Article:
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Go to your (fantastic) room!

A parent's command would be some children's wish when a bedroom is a box full of whimsy.

© St. Petersburg Times
published February 21, 2003

LUTZ -- Every little girl dreams of sleeping in a pink castle.

Larissa Simon is no exception.

The 5-year-old slumbers in a twin bed canopied by a magenta castle with purple turrets and rippling pennants. On the opposite wall, Cinderella's carriage rolls past an 8-foot-tall tree that conceals a TV and a toy cabinet in its trunk. In the middle of the room, a child-size knight greets her with a grin when she awakens.

"Oh, it's just me wanting to spoil her rotten," says Larissa's mother, Julie Simon.

Simon is dreaming of yet another room for a second child, a boy, due in April. The baby's room has a safari theme, but in a few years Simon will consider a new decorating idea:

A wrestling ring.

Her husband, Dean Simon, formerly the WWF wrestler Dean Malenko and now a promoter with World Wrestling Entertainment, has definitely influenced her thinking. Faux ropes painted around the room's perimeter and faces of famous TV wrestlers past peering from the sidelines should make baby -- and dad -- feel right at home.

Dean's old wrestling trophies will serve as accent pieces.

"I think a great bedroom can really foster development and imagination," Julie Simon says. "It can help a child learn and grow."

True. But whatever happened to those French provincial bedroom sets of the 40-something childhoods? Remember when a couple of bunk beds with plaid bedspreads spelled "boys room" or a plastic vanity table stuffed with Tinkerbell cosmetics defined little-girl luxury?

Remember the kids' rooms on The Brady Bunch? Neat, but nothing to write home about. These days, some children's rooms have become fantastic whims of imagination, sort of domestic movie sets that transport their occupants to another place and time.

Stephanie Alfano wanted her son, Guy, to sleep in a make-believe world occupied by his favorite thing: trains.

She and her husband, David Alfano, a pediatric dentist in Carrollwood, wanted to give Guy an extra special room. Now the 3-year-old plays beside a colorful mural of a train that appears to chug around the walls of the room.

The mural, created by Carrollwood artists Beverly Bakalyar and Karen Davis, includes a tunnel, hills, mountains, sky, clouds and a helicopter.

"He's very, very proud of his room," Mrs. Alfano says. "It's a place where he can go that's his own. If he's just sitting, he's imagining. Many times, the two of us will sit alone in there together and he will tell me what he's thinking, about trains."

Dave Van Nocker, a design specialist who owns New Tampa Interiors, thinks a great child's room incorporates "lots of color -- a multitude of colors -- because kids get bored really easily."

He advises parents to stay away from dark, drab colors when designing a room for a young child.

Jennifer Winchell, an artist and interior designer from Lutz, thinks "cool to look at" is just fine when it comes to kids' rooms, but larger issues need to be addressed.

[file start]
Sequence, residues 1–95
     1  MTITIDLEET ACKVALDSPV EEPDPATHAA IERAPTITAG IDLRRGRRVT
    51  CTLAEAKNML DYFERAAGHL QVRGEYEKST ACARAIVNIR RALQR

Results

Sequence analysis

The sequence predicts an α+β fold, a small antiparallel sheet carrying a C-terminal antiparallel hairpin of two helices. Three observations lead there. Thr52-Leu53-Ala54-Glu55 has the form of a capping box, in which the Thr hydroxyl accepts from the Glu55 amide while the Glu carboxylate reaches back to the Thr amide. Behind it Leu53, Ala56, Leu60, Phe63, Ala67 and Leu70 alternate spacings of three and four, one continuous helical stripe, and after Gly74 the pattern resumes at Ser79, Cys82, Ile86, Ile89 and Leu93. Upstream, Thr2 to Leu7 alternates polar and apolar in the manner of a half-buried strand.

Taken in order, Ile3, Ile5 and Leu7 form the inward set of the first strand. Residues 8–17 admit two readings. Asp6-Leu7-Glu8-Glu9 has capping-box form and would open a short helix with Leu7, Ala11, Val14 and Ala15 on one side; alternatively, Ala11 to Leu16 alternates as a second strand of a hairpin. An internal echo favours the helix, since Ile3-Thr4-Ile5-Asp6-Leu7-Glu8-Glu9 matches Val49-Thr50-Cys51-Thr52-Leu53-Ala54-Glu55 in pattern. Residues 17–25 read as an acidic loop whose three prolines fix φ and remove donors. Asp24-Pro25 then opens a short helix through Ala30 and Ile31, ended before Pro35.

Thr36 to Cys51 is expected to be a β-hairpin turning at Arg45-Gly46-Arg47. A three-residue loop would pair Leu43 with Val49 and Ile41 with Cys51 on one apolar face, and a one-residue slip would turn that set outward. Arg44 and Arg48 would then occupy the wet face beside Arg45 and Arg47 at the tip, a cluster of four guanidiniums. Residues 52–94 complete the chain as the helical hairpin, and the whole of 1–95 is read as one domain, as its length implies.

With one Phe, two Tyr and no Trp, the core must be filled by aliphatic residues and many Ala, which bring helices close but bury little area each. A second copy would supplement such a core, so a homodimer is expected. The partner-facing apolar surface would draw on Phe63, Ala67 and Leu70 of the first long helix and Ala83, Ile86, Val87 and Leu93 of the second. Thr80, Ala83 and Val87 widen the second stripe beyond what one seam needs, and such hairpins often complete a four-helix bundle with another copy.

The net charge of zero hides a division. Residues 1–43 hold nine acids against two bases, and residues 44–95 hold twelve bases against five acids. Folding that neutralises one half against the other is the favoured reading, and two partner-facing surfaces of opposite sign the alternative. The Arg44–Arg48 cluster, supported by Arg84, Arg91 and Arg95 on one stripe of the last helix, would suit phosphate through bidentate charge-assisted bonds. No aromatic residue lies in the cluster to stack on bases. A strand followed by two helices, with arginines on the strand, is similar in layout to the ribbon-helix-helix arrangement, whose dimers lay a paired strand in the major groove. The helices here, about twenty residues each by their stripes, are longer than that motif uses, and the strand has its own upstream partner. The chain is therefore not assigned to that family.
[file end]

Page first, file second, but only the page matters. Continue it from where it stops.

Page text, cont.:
"When I do a child's room, I tend to not go with a theme," she says. "I like something a little more generic, a little more practical. There needs to be room for all their stuff and enough floor room for them to spread out and play. I always ask parents first: How do they play? Do they like to create forts? Make spaceships? I try to keep it fairly simple because kids grow up. They grow out of themes."

Bruce Barry of Wacky World Studios in Oldsmar, which designed Larissa Simon's room, thinks parents are reliving their own childhoods when they choose a design. His have included shipwrecks, hot rods and King Tut's tomb.

Barry employs 38 artists in his 22,000-square-foot warehouse studio. The business once focused solely on children's rooms, but now turns out once-upon-a-time designs for the Rainforest Cafes as well as for church playrooms all over the country.

"We want what our kids want," Barry says, "and this goes far beyond a picture of a castle and some bookshelves."

Barry's room transformation process typically involves a maquette, or artist's model, that he presents first to parents. When the design has been approved, his artists typically spend days creating the murals and prefabricated goodies (like waving knights and fairy tale trees that hide television sets).

The Simons spent $9,000 on Larissa's room, he says, but a much more modest room can be done for $1,000.

Barry's most elaborate children's room? A sunken galleon built so that the stern provided a cavelike headboard for the bed. The bow concealed a toy chest, and broken columns represented the mythical lost city of Atlantis.

For now Larissa is content with a simple pink fairy castle. She rummages in the base of her big tree and pulls out a pink fairy wand. She waves it in the air, and then issues her decree:

"I used to play inside the tree with my best friend across the street," she says. "But then we got too big."

Maybe a nice French provincial bedroom set is just around the corner.

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